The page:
The People's Key
|The People's Key|
|Studio album by Bright Eyes|
|Released||February 1, 2011 (Saddle Creek online pre-order)
February 15, 2011
|Bright Eyes chronology|
|Metacritic||70/100 (35 reviews)|
|Consequence of Sound|||
|Drowned in Sound|||
|One Thirty BPM||(70%)|
|Tiny Mix Tapes|||
The People's Key is the eighth studio album by Bright Eyes, the Nebraska band of Conor Oberst, Mike Mogis, and Nate Walcott. The album was recorded in Omaha, NE at ARC Studios, produced by Mogis, and engineered by Mogis and Andy LeMaster. The album was released on February 15, 2011, Conor Oberst's birthday, on Saddle Creek Records. Before then, it was streaming online in its entirety as part of NPR's "First Listen" series.
The album features guest artists Andy LeMaster of Now It's Overhead, Matt Maginn of Cursive, Carla Azar of Autolux, Clark Baechle of The Faint, Shane Aspegren of The Berg Sans Nipple, Laura Burhenn of The Mynabirds, and Denny Brewer of Refried Ice Cream. The lyrics make mention of Haile Selassie, the Lion of Judah and I and I; all things associated with Rastafari.
The first 50,000 copies of this album came with a limited-edition packaging similar to that of all copies of the LP record, in a 6-panel tri-fold die-cut digipak printed on iridescent foil, and including an O-card, full-color CD inner sleeve and a 20-page booklet.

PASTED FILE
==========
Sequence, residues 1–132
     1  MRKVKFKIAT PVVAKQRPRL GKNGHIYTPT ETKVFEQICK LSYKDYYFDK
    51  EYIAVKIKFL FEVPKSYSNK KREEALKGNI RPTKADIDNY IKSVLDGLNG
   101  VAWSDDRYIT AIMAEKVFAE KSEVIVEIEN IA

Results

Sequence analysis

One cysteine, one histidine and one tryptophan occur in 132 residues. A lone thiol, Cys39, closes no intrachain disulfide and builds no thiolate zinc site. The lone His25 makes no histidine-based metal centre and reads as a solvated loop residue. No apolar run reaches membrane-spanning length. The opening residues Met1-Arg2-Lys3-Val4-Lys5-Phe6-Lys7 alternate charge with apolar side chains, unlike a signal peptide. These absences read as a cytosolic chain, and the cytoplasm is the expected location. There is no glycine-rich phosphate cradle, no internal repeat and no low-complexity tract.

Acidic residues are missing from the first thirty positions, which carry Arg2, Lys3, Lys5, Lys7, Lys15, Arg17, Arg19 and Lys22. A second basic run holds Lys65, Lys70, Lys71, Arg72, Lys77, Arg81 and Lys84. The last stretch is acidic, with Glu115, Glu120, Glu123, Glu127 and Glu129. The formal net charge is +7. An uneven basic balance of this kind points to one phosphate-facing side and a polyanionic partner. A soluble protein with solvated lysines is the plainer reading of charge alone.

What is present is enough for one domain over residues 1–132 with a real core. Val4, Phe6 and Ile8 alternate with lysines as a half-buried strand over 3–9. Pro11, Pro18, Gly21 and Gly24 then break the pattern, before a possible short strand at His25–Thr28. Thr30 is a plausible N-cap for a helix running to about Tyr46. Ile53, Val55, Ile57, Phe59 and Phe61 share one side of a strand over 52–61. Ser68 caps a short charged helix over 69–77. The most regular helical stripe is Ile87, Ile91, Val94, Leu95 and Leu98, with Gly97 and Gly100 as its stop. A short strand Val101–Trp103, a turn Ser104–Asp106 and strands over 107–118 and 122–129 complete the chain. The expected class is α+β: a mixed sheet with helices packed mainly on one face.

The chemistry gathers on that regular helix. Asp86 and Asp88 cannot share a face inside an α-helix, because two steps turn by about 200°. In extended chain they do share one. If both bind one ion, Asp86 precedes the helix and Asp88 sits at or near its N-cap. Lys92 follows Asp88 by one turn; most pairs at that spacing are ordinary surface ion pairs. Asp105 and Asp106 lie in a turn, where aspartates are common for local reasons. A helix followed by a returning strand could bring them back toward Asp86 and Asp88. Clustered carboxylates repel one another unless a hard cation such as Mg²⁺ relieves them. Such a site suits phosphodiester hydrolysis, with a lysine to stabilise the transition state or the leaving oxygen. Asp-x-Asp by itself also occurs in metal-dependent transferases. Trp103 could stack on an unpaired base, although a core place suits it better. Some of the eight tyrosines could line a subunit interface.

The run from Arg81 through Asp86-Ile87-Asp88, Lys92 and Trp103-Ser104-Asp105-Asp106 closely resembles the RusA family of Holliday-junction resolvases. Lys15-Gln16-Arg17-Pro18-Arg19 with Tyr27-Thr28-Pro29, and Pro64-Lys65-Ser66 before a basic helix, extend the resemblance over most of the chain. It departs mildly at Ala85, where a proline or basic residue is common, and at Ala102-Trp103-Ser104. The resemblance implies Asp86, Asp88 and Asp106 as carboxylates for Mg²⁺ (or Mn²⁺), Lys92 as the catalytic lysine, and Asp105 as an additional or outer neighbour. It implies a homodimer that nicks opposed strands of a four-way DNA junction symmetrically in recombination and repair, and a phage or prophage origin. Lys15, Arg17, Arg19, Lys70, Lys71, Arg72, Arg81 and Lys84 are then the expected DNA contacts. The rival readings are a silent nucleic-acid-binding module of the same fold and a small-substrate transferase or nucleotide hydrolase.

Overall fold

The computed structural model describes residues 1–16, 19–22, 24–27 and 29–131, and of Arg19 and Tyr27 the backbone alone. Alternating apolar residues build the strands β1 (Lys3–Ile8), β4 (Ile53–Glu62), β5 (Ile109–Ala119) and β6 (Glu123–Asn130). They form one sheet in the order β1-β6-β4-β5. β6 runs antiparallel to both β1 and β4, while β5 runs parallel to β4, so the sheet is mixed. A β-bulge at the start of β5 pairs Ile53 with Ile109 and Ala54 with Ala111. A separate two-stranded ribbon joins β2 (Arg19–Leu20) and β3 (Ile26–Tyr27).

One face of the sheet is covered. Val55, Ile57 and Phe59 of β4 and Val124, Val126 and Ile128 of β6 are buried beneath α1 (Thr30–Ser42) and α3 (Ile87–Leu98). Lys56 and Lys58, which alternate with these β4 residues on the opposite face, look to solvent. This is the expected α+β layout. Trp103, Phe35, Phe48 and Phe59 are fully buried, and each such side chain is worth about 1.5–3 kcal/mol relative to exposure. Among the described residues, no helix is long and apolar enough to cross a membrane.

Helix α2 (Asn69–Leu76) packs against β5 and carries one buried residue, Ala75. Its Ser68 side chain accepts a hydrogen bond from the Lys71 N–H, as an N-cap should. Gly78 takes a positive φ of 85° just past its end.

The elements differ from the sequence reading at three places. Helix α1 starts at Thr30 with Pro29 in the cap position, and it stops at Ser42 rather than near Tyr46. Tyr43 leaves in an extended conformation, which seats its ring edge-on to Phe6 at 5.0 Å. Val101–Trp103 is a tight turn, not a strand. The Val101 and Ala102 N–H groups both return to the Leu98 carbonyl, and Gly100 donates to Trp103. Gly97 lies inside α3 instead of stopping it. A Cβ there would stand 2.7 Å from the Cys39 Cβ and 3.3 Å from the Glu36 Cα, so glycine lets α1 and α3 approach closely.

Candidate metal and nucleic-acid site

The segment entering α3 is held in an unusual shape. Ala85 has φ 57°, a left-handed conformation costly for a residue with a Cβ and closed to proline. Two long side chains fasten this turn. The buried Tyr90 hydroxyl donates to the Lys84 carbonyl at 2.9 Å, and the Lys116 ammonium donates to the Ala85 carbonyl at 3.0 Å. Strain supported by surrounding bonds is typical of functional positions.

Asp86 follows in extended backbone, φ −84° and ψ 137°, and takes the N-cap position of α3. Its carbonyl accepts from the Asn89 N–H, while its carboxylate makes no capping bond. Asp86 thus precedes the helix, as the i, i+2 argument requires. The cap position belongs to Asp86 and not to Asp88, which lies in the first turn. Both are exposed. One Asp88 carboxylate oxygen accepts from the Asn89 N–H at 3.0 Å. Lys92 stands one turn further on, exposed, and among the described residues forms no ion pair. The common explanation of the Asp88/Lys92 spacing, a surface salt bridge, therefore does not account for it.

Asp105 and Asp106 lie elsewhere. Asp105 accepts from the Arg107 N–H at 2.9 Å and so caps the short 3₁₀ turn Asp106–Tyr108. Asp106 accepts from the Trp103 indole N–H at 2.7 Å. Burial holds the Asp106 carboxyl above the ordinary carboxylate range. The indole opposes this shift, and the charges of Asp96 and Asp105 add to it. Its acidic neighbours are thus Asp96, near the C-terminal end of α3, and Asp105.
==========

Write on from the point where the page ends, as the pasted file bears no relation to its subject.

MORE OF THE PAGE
In January 2011, it was announced that The People's Key had won the Best Art Vinyl award.
|“||“The basic idea for the artwork came from Conor (Oberst). He wanted it to look like a wall of fire, as this was one of the themes/images of the album. He left the execution up to me, but he said he wanted it to be visually striking. I used cut paper, as this was the technique I did for the first release I worked on for him--the "Every Day and Every Night" EP from 1999. I thought it would be fitting to return to the original style of artwork I did for Bright Eyes, since at that time the word was that it would be their final album. It was made at roughly actual size as it appears on the LP jacket (three panels wide for the deluxe version). I cut the flames out using a surgical scalpel and glued them onto a board. This was scanned and pieced together in Photoshop. The deluxe version of the LP and CD were printed on an iridescent foil, which gave a shimmering effect to the inside and outside of the jackets. They were done at Stoughton Printing, and are the old style "tip on" jackets, tri-fold, with the front flap having die cut flames along the top. I think first about the vinyl format when designing an album package. I couldn't care less what something looks like as a tiny thumbnail on someone's phone. At that point, does it even matter? Music packaging should be designed for vinyl first, then CD, and MP3 last, because that's the order in which viewing it matters. In my opinion, listening to an LP while viewing jacket artwork is the ideal way to experience an album. Anything other than that is a compromise--for convenience, for cost, etc.”||”|